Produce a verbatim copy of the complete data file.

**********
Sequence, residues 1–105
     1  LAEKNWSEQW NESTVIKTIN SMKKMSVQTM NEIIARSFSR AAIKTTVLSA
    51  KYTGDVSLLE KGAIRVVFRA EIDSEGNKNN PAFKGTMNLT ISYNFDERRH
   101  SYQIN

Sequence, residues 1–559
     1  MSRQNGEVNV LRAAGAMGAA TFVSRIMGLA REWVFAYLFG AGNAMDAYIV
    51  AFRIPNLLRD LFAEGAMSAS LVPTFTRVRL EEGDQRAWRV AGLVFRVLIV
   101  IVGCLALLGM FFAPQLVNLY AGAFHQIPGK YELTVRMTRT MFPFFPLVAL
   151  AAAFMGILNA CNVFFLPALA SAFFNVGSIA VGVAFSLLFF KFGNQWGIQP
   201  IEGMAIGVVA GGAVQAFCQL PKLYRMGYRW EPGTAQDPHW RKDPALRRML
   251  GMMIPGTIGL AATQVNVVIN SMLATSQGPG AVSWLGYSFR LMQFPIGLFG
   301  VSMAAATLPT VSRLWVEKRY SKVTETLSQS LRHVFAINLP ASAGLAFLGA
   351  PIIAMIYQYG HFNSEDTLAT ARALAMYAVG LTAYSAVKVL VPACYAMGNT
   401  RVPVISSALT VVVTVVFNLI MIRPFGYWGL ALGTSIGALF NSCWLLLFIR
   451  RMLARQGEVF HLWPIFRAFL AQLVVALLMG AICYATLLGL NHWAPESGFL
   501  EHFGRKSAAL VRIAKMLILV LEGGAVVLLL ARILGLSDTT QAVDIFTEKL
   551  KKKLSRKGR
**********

Sequence, residues 1–105
     1  LAEKNWSEQW NESTVIKTIN SMKKMSVQTM NEIIARSFSR AAIKTTVLSA
    51  KYTGDVSLLE KGAIRVVFRA EIDSEGNKNN PAFKGTMNLT ISYNFDERRH
   101  SYQIN

Sequence, residues 1–559
     1  MSRQNGEVNV LRAAGAMGAA TFVSRIMGLA REWVFAYLFG AGNAMDAYIV
    51  AFRIPNLLRD LFAEGAMSAS LVPTFTRVRL EEGDQRAWRV AGLVFRVLIV
   101  IVGCLALLGM FFAPQLVNLY AGAFHQIPGK YELTVRMTRT MFPFFPLVAL
   151  AAAFMGILNA CNVFFLPALA SAFFNVGSIA VGVAFSLLFF KFGNQWGIQP
   201  IEGMAIGVVA GGAVQAFCQL PKLYRMGYRW EPGTAQDPHW RKDPALRRML
   251  GMMIPGTIGL AATQVNVVIN SMLATSQGPG AVSWLGYSFR LMQFPIGLFG
   301  VSMAAATLPT VSRLWVEKRY SKVTETLSQS LRHVFAINLP ASAGLAFLGA
   351  PIIAMIYQYG HFNSEDTLAT ARALAMYAVG LTAYSAVKVL VPACYAMGNT
   401  RVPVISSALT VVVTVVFNLI MIRPFGYWGL ALGTSIGALF NSCWLLLFIR
   451  RMLARQGEVF HLWPIFRAFL AQLVVALLMG AICYATLLGL NHWAPESGFL
   501  EHFGRKSAAL VRIAKMLILV LEGGAVVLLL ARILGLSDTT QAVDIFTEKL
   551  KKKLSRKGR